The phrase attributed to Mark Twain, "History may not repeat itself but it often rhymes” can certainly be used when talking about the capital markets. While not every market and economic cycle is identical, there certainly are many similarities. For example, as the economic cycle matures, the ripples to the capital markets caused by central bank reaction to incoming economic news, become larger and larger. In other words, negative (or positive) economic news tends to be magnified the more mature the cycle becomes. To illustrate that, let’s look at the S&P 500 in the second quarter. For the month of April, the S&P 500 was up close to 4%. By the first week of June, it was down over 3% quarter to date, and then ended the quarter up over 4.5%.
Now, most investors looking at the volatility in the markets would expect incoming (and forecasted) economic data to be quite weak. Looking at the US though, credit spreads have narrowed significantly (a sign that corporations are doing fine); the unemployment rate is below what most economists consider “full employment”; and outside the manufacturing sector, the economy continues to grow at an above-trend pace. Apart from that, the Atlanta Fed sees domestic demand increasing significantly in the just finished second quarter (versus Q1). In fact, personal consumption is tracking to rise at a 3.7% annualized rate.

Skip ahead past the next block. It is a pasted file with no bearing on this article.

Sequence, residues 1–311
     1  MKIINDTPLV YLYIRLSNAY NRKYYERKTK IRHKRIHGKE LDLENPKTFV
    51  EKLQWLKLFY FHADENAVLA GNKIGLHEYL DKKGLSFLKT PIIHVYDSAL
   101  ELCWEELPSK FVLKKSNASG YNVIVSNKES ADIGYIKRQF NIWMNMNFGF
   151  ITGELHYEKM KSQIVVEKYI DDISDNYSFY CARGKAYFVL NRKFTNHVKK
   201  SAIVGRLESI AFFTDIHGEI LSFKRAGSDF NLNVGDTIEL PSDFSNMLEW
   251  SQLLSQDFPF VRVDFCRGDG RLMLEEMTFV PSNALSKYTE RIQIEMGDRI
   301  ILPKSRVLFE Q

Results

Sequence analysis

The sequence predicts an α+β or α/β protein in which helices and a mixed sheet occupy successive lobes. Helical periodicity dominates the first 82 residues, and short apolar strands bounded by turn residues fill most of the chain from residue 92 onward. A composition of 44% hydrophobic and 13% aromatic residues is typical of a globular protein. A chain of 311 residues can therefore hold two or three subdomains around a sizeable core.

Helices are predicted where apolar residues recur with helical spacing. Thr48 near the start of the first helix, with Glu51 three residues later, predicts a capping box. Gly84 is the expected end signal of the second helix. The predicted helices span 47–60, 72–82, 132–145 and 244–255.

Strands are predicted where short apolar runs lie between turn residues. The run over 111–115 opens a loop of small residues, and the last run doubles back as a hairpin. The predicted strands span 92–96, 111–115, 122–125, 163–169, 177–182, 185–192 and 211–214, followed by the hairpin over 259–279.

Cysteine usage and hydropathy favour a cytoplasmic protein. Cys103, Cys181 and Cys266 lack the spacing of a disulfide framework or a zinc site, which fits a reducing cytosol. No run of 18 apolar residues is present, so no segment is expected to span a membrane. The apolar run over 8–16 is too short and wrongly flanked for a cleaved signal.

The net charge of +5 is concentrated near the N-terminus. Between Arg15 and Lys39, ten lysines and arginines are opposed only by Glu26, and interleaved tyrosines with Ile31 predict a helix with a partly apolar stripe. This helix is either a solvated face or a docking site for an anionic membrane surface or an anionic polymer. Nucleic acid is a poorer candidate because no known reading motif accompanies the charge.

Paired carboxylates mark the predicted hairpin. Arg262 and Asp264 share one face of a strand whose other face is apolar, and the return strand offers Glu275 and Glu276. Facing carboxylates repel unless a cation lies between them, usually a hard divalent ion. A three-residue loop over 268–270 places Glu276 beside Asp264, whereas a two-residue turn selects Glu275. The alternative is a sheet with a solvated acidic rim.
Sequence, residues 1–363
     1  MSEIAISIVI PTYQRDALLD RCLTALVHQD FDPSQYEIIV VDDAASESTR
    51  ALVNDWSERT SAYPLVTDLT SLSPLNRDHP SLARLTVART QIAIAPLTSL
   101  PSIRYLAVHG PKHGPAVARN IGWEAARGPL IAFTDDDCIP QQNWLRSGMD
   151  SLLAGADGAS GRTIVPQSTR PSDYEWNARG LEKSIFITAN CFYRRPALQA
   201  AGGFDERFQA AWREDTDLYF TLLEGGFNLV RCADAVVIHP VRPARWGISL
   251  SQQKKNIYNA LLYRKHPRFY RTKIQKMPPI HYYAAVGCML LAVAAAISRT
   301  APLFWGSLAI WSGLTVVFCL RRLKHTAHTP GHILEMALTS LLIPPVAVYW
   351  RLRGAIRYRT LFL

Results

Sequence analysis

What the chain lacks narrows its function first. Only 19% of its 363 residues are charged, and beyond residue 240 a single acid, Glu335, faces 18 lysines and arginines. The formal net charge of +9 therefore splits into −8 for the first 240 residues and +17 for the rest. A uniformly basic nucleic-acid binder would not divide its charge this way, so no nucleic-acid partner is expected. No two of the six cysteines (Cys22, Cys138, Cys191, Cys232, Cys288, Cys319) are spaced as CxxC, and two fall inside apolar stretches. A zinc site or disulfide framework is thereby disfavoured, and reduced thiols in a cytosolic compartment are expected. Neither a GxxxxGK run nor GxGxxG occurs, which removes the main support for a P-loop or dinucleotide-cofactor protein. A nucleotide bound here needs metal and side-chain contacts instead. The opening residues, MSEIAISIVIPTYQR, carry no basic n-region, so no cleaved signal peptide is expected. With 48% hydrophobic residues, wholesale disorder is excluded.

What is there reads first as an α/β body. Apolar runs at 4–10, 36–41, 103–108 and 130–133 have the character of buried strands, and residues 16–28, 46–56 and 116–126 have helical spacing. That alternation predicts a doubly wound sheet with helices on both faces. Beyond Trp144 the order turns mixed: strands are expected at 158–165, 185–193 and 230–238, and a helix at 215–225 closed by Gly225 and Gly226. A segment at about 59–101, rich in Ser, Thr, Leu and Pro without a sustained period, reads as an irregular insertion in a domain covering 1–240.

So, while economic conditions in the U.S. are relatively good, and China is beginning to prime the growth pump, and monetary policy across the globe is still extremely accommodative, Central banks everywhere have taken an even more “dovish” stance. For example;
Given global economic conditions are not terrible and real interest rates are barely above zero, why are central banks getting back on the dove train? A couple of reasons come to mind:
As problematic economic data comes in, the markets sell off in anticipation of a recessionary environment, only to rally again as central banks come to the rescue. Thus, the main culprit in the up and down markets we’ve being experiencing for a while now.
While we hate using the phrase “it’s different this time” (which it never is!), there may be one instance where we could possibly use that phrase, and that’s with central banks. Recently, most central banks had been more concerned about ensuring inflation did not get out of hand. That has changed most recently due to concerns amongst central banks that deflation is more of a threat to economic growth, than inflation is. In other words, we should expect the Fed (and other central banks) to err on the side of being overly accommodative in the face of economic uncertainty, with the understanding that inflation can always be constrained by raising rates. In effect, this new approach by central banks should continue to be supportive of the capital markets for the foreseeable future.
We continue to remain underweight in bonds as they offer a very poor risk return profile, while continuing to believe that interest rates will over time eventually rise to “normal” levels. We trimmed more of our preferred share exposure during the quarter in anticipation of allocating some of the exposure to non-traditional income-oriented asset classes such as private lending and mortgage loans.
Within equities, we trimmed our exposure to emerging markets and eliminated exposure to global small cap equities, essentially taking exposure to equities down to a neutral target. While we are not outright negative on equities, there’s currently no compelling reason to be overweight equities either. In the absence of a convincing argument to be overweight equities, we’d prefer to be market weight, given many geopolitical risks on the horizon.